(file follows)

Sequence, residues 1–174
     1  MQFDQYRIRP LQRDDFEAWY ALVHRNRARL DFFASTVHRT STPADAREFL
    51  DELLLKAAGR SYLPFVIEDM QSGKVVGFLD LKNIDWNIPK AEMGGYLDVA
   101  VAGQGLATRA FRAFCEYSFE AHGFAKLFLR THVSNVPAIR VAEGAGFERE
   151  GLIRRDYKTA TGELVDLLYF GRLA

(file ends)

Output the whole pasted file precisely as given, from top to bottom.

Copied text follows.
Sequence, residues 1–174
     1  MQFDQYRIRP LQRDDFEAWY ALVHRNRARL DFFASTVHRT STPADAREFL
    51  DELLLKAAGR SYLPFVIEDM QSGKVVGFLD LKNIDWNIPK AEMGGYLDVA
   101  VAGQGLATRA FRAFCEYSFE AHGFAKLFLR THVSNVPAIR VAEGAGFERE
   151  GLIRRDYKTA TGELVDLLYF GRLA